Child sex suspect Dirk Prinsloo returning to SA

2017-02-16 11:45
Cézanne Visser and Dirk Prinsloo in 2009 (File, Netwerk24)

Cézanne Visser and Dirk Prinsloo in 2009 (File, Netwerk24)

Multimedia   ·   User Galleries   ·   News in Pictures Send us your pictures  ·  Send us your stories

Pretoria – About 11 years after fleeing South Africa, Dirk Prinsloo, a suspect in a child sex case, is heading home – this time in all probability shackled and accompanied by Interpol officials.

Prinsloo has been eligible for parole since February 19 after he was sentenced to 13 years in prison in Belarus in February 2010 for theft, robbery and "thuggery", Netwerk24 reported.

Nelson Kgwete, spokesperson for the Department of International Relations and Co-operation, confirmed that South Africa is in contact with authorities in Moscow, Russia and Minsk.

A decision has to be taken on whether Prinsloo will be deported or extradited.

Deporting him would be cheaper, but he wouldn't be escorted by Interpol officials. Prinsloo had entered Belarus illegally via Russia.

However, there is no direct flight between Belarus and South Africa and there are fears that he might escape while waiting for a connecting flight.

Re-arrest easier in extradition

If Prinsloo were to be extradited he would be shackled in the prison in Mogilev and taken directly to the airport, accompanied by members of Interpol.

From there, their South African counterparts would board the plane with Prinsloo.

As soon as they land in South Africa, he would be re-arrested on a warrant issued by the High Court in Pretoria in 2006. He would be held until he appeared in court where his trial would be restarted.

Prinsloo and his partner at the time, Cézanne Visser, were arrested in 2002 on charges of, among others, fraud, rape, indecent assault and the manufacturing of child pornography.

The charges were later dropped, but the case was re-opened the following year and they were freed on R4 000 bail each.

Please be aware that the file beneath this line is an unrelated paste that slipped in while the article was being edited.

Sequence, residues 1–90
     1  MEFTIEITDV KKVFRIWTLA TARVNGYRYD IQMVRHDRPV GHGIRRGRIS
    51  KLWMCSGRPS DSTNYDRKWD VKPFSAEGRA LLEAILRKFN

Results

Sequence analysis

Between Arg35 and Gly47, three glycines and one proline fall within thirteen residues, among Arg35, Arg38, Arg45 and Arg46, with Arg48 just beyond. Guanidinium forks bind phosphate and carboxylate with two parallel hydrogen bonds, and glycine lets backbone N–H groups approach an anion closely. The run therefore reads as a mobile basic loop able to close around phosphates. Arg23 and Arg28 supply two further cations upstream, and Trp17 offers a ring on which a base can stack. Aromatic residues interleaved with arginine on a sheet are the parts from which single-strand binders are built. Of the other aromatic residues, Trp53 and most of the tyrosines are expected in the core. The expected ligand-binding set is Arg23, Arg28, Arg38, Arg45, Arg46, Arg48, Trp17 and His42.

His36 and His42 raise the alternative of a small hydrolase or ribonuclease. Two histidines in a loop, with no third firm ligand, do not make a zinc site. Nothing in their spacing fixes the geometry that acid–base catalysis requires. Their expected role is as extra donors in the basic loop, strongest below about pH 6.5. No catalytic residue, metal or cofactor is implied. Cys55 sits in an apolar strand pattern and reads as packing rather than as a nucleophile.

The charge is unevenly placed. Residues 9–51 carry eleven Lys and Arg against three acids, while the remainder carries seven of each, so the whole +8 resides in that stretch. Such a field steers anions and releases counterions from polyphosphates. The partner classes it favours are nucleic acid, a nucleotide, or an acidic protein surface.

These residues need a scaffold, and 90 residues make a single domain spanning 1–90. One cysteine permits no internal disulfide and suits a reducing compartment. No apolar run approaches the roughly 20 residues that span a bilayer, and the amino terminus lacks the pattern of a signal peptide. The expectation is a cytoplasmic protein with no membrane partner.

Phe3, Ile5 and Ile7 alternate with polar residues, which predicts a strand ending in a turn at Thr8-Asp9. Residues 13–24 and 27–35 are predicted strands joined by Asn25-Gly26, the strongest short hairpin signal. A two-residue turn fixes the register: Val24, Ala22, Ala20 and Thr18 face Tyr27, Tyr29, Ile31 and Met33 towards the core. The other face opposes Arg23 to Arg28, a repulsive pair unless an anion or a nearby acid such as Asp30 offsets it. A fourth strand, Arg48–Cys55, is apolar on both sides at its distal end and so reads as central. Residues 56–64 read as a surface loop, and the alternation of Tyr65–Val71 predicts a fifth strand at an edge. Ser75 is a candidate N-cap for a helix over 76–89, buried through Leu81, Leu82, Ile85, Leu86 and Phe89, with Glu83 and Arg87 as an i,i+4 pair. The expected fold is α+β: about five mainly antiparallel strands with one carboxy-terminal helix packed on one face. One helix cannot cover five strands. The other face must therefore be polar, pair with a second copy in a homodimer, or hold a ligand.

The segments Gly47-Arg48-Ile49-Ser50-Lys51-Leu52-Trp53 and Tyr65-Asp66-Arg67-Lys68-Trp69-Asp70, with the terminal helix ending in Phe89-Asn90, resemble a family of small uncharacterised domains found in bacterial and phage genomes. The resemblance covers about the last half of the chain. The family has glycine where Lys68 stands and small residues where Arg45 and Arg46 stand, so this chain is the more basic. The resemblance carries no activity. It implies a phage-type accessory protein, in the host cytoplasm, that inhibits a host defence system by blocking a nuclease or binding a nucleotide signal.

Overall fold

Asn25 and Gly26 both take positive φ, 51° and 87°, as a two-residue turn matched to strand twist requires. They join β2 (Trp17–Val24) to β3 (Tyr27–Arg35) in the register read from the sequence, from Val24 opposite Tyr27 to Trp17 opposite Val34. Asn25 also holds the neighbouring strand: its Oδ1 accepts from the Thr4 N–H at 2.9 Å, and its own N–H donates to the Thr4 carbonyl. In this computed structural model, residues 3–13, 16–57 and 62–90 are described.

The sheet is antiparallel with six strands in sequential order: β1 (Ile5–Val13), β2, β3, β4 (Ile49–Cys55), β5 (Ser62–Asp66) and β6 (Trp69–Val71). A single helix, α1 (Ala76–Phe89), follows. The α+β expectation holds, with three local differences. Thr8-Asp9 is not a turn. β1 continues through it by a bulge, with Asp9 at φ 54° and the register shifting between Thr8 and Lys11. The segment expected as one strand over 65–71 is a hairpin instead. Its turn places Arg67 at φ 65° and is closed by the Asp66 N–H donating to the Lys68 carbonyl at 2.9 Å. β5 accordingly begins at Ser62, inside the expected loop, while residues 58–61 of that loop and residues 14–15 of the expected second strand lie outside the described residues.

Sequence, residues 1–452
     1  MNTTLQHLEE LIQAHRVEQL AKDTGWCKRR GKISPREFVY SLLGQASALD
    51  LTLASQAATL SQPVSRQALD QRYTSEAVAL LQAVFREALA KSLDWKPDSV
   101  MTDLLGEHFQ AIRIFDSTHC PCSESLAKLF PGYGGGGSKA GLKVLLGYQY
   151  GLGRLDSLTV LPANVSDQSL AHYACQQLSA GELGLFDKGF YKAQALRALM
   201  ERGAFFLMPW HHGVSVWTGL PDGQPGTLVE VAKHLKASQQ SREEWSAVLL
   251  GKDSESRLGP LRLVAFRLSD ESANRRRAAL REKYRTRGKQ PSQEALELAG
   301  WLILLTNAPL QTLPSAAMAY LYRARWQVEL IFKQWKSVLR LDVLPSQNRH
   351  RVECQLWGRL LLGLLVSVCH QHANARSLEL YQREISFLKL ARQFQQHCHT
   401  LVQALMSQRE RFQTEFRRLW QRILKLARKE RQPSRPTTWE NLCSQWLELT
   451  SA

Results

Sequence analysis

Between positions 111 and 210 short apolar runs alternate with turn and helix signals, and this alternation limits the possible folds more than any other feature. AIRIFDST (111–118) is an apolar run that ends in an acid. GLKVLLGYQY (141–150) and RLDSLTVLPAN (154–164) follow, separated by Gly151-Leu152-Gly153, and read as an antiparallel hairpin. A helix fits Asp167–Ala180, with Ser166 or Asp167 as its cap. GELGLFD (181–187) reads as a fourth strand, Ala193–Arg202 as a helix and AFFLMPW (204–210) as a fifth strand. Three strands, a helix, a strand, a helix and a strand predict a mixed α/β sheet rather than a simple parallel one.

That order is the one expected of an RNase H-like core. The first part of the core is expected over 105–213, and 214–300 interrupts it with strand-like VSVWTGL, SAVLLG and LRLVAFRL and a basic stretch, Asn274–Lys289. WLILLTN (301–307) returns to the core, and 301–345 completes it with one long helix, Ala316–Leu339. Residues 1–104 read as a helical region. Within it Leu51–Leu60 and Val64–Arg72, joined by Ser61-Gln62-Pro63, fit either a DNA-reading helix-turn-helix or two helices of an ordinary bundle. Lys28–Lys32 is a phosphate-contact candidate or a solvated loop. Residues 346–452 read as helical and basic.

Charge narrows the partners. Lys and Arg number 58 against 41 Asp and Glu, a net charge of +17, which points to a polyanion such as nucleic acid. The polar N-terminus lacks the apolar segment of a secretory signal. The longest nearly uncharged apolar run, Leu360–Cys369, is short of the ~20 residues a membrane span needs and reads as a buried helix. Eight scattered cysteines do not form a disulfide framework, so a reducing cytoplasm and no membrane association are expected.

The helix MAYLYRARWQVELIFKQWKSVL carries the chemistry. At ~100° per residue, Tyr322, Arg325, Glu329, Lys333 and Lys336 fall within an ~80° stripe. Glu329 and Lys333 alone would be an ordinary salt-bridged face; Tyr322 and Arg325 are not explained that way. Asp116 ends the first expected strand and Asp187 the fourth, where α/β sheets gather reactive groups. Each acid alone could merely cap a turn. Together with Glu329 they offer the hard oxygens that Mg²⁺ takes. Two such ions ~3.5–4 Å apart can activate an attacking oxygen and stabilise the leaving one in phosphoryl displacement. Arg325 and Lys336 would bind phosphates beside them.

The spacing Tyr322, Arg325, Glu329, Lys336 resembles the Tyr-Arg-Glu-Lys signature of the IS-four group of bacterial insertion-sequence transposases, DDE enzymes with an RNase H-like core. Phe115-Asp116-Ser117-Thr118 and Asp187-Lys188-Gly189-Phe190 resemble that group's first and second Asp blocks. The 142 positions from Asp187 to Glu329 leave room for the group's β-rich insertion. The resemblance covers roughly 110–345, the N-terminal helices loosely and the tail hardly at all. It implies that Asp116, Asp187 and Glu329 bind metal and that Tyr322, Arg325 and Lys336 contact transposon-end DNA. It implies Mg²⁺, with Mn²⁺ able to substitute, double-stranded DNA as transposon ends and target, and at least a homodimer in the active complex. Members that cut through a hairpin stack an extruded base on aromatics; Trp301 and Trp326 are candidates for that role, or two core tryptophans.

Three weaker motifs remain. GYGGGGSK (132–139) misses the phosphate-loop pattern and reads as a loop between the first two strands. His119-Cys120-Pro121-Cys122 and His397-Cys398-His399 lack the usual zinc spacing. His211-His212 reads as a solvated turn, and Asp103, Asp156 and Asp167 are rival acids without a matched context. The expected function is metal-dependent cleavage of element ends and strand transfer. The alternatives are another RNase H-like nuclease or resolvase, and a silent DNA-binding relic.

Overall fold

The trial of the two advocates started in January 2005 in the High Court in Pretoria, where both denied guilt.

Visser was nicknamed "Advocate Barbie" by the media because of her physical appearance.

Caged in court

In November 2005, Prinsloo informed the court that he would be spending Christmas in Russia. It would have been his second visit that year. Because he wasn't considered a flight risk, the trial was postponed to April 2006.

However, he never returned to South Africa and a warrant for his arrest was issued. Interpol was also roped in to help search for him.

He was arrested in Belarus in June 2009, after trying to rob a bank in the small town of Baranovichi.

He appeared in court in Baranovichi on January 11, 2010, charged with theft, bank robbery, thuggery, "torture" and threatening to kill an ex-girlfriend.

Because he was considered a dangerous criminal, he appeared in court in a cage.

Visser meanwhile was found guilty on 11 charges in February 2010 and sentenced to seven years behind bars. She was released on parole in August 2013.

Both she and Prinsloo have been struck off the roll of advocates.

Read more on:    interpol  |  crime

Inside News24

Most Read
News In Your Area
Top Lifestyle

Matric Results are coming soon!

Notify me when results become available

This site is protected by reCAPTCHA and the Google Privacy Policy and Terms of Service apply.

Traffic Alerts
There are new stories on the homepage. Click here to see them.


Create Profile

Creating your profile will enable you to submit photos and stories to get published on News24.

Please provide a username for your profile page:

This username must be unique, cannot be edited and will be used in the URL to your profile page across the entire network.